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Luck? Not something anyone wants to admit when it comes to explaining our successes, right?
Here is a nice write-up in The Atlantic on how we are likely to disregard the role of luck in our success.
“Little wonder that when talented, hardworking people in developed countries strike it rich, they tend to ascribe their success to talent and hard work above all else. Most of them are vividly aware of how hard they’ve worked and how talented they are. They’ve been working hard and solving difficult problems every day for many years! In some abstract sense, they probably do know that they might not have performed as well in some other environment. Yet their day-to-day experience provides few reminders of how fortunate they were not to have been born in, say, war-torn Zimbabwe.”
Bill Gross (of IdeaLab) has done some work trying to quantify the role of luck. There is a TED Talk on this titled the single biggest reason why start-ups succeed. His conclusion:
“So what I would say, in summary, is execution definitely matters a lot. The idea matters a lot. But timing might matter even more. And the best way to really assess timing is to really look at whether consumers are really ready for what you have to offer them. And to be really, really honest about it, not be in denial about any results that you see, because if you have something you love, you want to push it forward, but you have to be very, very honest about that factor on timing.”
(And here is the TED playlist of videos of an event with a whole series of talks on the topic.)
When we think about it honestly, we all know and point to examples where a successful concept was a rinse-and-repeat of another, earlier idea. In fact, I think it will be an interesting study to find all those failures that preceded the successes that just happened to be timed right.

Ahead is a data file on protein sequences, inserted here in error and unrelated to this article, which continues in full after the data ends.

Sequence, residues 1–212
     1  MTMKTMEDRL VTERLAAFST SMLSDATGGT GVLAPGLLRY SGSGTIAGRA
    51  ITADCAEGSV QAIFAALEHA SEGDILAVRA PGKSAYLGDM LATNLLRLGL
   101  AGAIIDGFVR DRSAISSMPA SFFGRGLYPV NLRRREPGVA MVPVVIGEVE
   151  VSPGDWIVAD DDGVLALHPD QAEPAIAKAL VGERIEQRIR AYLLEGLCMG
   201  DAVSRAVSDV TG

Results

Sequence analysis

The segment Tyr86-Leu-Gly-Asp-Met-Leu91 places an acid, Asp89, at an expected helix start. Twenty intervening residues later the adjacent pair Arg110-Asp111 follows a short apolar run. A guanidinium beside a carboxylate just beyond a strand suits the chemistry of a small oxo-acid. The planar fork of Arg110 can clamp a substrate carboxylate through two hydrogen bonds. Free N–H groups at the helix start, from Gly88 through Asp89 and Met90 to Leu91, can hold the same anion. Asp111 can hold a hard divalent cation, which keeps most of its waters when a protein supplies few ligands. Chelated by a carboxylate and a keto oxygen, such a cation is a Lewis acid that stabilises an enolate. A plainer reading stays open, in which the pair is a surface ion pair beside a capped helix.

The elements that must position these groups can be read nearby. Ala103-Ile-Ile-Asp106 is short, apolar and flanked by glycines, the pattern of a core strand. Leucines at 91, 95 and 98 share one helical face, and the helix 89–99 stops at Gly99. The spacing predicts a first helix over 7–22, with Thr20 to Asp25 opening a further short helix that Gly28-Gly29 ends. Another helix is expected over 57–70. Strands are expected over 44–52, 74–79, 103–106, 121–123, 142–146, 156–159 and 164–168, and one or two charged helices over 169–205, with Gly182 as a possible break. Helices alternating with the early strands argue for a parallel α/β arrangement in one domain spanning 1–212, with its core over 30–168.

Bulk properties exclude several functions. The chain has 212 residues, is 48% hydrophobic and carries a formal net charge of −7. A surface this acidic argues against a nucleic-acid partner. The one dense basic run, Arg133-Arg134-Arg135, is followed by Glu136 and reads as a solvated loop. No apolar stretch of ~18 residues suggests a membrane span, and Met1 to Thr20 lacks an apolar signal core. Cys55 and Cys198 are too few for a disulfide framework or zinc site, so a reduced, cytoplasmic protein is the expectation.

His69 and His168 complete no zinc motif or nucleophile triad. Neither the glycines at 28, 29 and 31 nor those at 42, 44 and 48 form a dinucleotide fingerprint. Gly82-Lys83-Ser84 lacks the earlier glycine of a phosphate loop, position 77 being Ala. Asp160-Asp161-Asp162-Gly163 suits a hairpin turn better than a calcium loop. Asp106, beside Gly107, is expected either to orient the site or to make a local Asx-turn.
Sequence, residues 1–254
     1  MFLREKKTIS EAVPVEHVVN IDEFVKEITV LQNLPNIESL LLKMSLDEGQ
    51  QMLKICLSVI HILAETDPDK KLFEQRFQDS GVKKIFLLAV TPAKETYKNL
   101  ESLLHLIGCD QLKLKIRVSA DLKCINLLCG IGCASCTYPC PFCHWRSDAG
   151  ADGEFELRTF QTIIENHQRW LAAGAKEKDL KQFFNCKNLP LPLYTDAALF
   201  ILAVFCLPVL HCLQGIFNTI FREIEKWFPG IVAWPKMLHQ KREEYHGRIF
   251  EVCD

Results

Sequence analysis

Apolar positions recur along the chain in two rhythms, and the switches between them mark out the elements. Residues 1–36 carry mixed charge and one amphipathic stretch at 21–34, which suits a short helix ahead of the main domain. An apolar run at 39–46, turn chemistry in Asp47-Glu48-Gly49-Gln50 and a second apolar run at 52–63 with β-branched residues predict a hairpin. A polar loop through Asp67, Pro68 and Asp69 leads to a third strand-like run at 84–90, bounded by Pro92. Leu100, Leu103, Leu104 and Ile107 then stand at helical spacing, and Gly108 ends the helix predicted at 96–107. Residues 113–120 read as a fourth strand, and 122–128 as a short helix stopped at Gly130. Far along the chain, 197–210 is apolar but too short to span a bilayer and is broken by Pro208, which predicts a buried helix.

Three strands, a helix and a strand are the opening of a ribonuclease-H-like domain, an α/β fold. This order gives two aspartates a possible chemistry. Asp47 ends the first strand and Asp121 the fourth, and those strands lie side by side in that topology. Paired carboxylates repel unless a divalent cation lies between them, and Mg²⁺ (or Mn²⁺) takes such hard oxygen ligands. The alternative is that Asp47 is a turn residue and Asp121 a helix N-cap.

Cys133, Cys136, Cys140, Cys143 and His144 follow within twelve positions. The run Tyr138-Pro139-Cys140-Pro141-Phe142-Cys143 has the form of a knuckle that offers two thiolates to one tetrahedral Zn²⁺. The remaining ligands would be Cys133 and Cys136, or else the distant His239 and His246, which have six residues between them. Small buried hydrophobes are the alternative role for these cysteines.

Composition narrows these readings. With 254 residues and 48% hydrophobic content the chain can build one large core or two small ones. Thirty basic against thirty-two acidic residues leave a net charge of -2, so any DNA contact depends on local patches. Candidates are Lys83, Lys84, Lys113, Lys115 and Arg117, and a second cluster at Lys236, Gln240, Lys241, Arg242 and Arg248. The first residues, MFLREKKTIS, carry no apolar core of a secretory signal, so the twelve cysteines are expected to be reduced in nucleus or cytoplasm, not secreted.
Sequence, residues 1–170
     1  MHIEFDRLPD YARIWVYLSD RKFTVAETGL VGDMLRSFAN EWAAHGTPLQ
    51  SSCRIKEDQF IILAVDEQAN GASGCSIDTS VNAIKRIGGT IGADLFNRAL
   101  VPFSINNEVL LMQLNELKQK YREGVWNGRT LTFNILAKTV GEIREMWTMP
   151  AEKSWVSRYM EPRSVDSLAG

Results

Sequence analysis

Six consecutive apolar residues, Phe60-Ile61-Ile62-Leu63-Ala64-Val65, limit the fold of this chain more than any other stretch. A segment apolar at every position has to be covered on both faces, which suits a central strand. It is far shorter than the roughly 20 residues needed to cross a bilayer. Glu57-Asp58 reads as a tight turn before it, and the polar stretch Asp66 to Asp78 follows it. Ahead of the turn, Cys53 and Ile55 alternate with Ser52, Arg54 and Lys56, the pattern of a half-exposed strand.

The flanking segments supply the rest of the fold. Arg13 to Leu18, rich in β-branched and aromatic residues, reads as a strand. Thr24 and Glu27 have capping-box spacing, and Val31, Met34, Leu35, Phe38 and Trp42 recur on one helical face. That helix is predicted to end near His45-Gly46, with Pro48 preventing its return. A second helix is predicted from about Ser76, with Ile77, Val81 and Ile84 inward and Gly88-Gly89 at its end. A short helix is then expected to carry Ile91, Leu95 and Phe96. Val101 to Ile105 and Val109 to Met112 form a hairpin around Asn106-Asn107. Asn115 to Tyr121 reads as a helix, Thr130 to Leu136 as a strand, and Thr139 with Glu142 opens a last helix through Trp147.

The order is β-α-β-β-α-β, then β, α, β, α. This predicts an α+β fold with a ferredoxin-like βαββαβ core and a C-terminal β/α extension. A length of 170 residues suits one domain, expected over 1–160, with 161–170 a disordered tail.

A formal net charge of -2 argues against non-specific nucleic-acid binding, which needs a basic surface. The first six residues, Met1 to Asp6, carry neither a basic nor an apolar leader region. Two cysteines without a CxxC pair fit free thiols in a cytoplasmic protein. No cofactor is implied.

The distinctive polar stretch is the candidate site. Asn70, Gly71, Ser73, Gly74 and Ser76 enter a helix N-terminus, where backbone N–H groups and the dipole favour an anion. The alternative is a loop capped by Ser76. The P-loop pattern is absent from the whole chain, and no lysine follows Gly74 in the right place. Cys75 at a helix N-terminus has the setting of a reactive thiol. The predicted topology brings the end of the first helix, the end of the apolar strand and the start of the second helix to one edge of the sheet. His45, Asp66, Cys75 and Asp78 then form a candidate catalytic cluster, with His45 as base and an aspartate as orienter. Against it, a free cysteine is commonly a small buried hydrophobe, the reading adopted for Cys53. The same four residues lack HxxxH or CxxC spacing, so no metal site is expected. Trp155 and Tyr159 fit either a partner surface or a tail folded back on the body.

With two other entrepreneurs I was involved in a start-up called ‘Compuspace’ in 1998 in South Africa. It was a version of realestate.com (for commercial property) before realestate.com existed. It was that long ago that I had to write a ‘manual’ to teach people about the internet including a glossary of terms explaining what a modem is, to educate them on using it. We signed up all the major landlords with relative ease, but the system floundered and eventually morphed and died because the bandwidth, the technology and the skills was simply not there to be able to uploaded and download plans and images. Imagine trying to teach someone who has only just heard about a modem how to FTP a file?
Bill Gross quantifies the importance of timing (which is usually a manifestation) of luck at 42%.
The research on it is very qualitative, so I am not sure the percentage is right, or that it matters for it to be specific. The more salient point is that it is factor; a very big factor.
Maybe we don’t talk about it enough because we don’t want to diminish those other factors that reflect better on us than admitting that it was ‘mere luck’.
But ‘good timing’ is something that we should be able to identify and talk about with foresight, not only hindsight.
Sometimes we are so enamoured with the idea and so blinded by passion and lured into the excitement of execution that we don’t want to think about timing. I suspect sometimes it is fear that someone else will do it before us if we wait. And in both instances we get fooled into pulling the trigger too soon.
And then there are cases where we think the time is right but it just isn’t. But it is for the next guy who comes along with the same idea. The one who just got lucky – even if he or she doesn’t want to even admit it.